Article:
Tech 101: How Batteries Work

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Tech 101: How Batteries Work

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The first “modern” battery consisted of an apparatus made with metal plates and brine soaked cardboard and was invented by an Italian physicist named Count Alessandro Volta in 1799. Since then, the materials used have changed tremendously, but the basic principle has remained the same. When a device is connected to a battery, a reaction takes place that generates electricity. This is called an electrochemical reaction.

Mankind’s appetite for electricity has grown exponentially since the 1800s. Today, batteries are found in a vast variety of devices from wristwatches and alarm clocks to smartphones and laptops. Lets look at a few of the most common batteries that we find around us everyday.

If you look at any battery today, be it a pencil cell or a car battery, the first thing you’ll notice is that it has two terminals marked + and – . On pencil cells and flashlight batteries like AA, AAA, C or a D cell battery, the terminals are at opposite ends of the battery. On higher capacity batteries like a 9V or a car battery the terminals are located together on top of the battery. If a wire is connected to both terminals, electricity will flow from the -‘ve terminal to the +’ve terminal as fast as possible. This will drain the battery very quickly and is dangerous when applied to larger batteries. 

A battery consists of five main components. There is a cathode, which connects to the +’ve terminal, an anode, which connects to the -‘ve terminal, a seperator, which prevents the anode and cathode from touching each other, an electrolyte, which allows the charge to flow from the anode to the cathode and lastly a collector, which conducts the electricity out of the battery.

When you put a battery in a device, it completes the load circuit. What happens next differs from battery to battery but the idea remains the same. The anode goes through an oxidation reaction in which two or more ions from the electrolyte react with the anode material and creates a new compound and two or more electrons. At the same time, the cathode goes through a reduction reaction in which the cathode material, ions and free electrons combine to form other compounds. While this sounds very complicated, its actually very easy. The anode reacts  with the electrolyte to create electrons and the cathode reacts with the electrolyte to absorb electrons. The end result is electricity. A battery will last as long as it has materials to continue the reaction at both electrodes.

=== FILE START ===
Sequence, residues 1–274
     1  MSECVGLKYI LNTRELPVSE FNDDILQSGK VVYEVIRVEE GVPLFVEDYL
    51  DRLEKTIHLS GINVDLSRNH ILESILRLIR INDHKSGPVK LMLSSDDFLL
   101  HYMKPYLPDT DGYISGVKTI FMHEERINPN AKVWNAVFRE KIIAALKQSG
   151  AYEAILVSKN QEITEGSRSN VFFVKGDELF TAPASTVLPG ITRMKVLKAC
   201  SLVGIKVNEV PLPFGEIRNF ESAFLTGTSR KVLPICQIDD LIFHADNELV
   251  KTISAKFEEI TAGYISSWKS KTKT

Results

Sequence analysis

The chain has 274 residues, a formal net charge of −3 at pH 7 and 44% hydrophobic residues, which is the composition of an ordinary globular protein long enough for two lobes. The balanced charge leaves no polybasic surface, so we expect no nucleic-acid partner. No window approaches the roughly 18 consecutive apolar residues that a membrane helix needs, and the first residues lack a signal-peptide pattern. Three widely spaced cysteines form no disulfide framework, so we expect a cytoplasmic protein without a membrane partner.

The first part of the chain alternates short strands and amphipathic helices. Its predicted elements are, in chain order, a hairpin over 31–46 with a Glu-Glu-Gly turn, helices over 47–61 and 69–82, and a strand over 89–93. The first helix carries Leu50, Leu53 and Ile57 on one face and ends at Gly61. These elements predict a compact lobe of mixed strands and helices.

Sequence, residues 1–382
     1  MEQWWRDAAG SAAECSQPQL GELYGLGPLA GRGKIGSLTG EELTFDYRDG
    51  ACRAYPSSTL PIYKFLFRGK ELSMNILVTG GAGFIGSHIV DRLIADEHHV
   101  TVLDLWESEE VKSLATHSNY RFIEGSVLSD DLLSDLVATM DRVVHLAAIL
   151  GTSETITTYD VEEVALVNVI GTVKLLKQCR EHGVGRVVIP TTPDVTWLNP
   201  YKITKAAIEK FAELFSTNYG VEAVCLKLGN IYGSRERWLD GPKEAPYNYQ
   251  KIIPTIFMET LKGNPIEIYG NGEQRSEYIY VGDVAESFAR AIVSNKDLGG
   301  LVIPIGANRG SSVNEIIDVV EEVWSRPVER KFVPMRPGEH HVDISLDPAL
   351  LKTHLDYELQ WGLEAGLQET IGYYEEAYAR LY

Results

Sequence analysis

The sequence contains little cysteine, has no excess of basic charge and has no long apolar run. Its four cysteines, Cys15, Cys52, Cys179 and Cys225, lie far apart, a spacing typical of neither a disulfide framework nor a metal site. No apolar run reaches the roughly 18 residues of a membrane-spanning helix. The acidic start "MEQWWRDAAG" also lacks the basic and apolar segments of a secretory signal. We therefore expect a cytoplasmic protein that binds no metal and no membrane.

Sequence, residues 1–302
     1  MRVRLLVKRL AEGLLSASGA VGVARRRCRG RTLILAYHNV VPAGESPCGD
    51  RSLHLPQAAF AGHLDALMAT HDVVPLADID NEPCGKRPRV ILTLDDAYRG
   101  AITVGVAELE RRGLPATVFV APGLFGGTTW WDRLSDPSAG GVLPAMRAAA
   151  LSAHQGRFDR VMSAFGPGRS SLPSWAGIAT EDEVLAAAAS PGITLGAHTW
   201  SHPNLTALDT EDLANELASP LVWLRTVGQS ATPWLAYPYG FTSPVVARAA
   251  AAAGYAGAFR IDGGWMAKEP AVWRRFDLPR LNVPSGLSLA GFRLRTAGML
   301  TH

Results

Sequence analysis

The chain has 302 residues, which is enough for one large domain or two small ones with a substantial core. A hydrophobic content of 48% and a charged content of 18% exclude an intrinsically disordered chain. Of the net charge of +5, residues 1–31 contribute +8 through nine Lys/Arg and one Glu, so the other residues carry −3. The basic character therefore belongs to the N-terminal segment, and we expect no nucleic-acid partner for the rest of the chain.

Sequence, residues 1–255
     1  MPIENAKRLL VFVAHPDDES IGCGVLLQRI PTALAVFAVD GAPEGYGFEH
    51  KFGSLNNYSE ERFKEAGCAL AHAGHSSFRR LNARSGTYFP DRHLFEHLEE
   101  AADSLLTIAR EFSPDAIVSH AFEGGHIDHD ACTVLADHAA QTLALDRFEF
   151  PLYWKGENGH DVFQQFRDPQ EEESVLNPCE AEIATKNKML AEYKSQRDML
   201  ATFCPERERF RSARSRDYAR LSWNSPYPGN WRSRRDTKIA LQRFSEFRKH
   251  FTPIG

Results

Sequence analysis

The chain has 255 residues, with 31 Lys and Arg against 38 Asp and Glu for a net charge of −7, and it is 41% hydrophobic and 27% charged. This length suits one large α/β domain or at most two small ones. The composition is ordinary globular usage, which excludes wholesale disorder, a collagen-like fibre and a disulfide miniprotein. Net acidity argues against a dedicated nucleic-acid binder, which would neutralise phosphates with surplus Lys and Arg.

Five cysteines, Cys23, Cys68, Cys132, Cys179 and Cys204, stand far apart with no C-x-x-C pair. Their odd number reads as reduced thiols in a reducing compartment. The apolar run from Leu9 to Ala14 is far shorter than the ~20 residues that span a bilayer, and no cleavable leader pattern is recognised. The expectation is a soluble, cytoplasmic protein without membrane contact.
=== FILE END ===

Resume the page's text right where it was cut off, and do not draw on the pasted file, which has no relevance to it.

A few commonly found batteries include:

  • Zinc Carbon Battery: This type of battery chemistry is commonly found in many cheap AA, AAA, C and D cell batteries. The anode is Zinc, the cathode is Manganese Dioxide and the electrolyte is Ammonium Chloride or Zinc Chloride.
  • Alkaline Battery: This is also another commonly found battery chemistry. The cathode is composed of a manganese dioxide mixture, while the anode is a zinc powder. It gets its name from the potassium hydroxide electrolyte, which is an alkaline substance.
  • Lithium Ion: Lithium ion batteries are used in high performance devices that require frequent charging. These include phones, laptops, tablets and even electric cars. While the exact components of Lithium Ion batteries vary, the most common practice is to have a lithium cobalt oxide cathode and a carbon anode.
  • Lead Acid: This is the typical car battery. It consists of lead dioxide and metallic lead electrodes that are suspended in a Sulfuric Acid solution.

The two main categories of batteries are Primary (one time use) batteries and Secondary (rechargeable) batteries. The only difference between the two is that when an external current is applied to a secondary battery, the electrochemical reaction happens in reverse, which restores the charge of the battery. There are three main types of rechargeable batteries, Lithium Ion (LiOn), Nickle Metal Hydride  (NiMH) and Nickle Cadmium (NiCd). NiCd batteries were the first widely available rechargeable batteries but they suffered from a problem known as the memory effect. These batteries, if not fully discharged during every use, would quickly start to loose power. 

NiCd batteries were largely replaced by NiMH batteries which boasted a much larger capacity as well as a reduced memory effect. The only problem with NiMH batteries was their relatively short shelf life.  Like NiMH batteries, LiOn batteries have a long life, but they hold a charge better, operate at higher voltages, and come in a much smaller and lighter package.

An offshoot of the LiOn technology is the Lithium Polymer (LiPo) battery. While LiOn batteries are the norm for most laptops, LiPo batteries offer significant advantages in space as well as weight savings. These types of batteries consist of an anode and cathode material that has been laminated onto a microperforated plastic sheet which, as the name implies, allows the passage of ions but seperates the anode from the cathode. This allows LiPo batteries to created in almost any shape from round to square and anywhere in the middle. Most mobile phones and tablets have these batteries as they boast the highest charge density of any battery available in the market today.

Looking to the future, many people believe that the days of the battery are numbered and that they will soon be replaced by fuel cells. While we look forward to the day we have to start popping H2 cartridges into our phones once a month, it is still a while away.

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Anand Kapre
A gaming freak, A Computer geek and an important role player at . He also is a maniac cook( loves his grill) and the founder of Anand is dedicated to testing the devices to their core and finding the useful from the lifeless.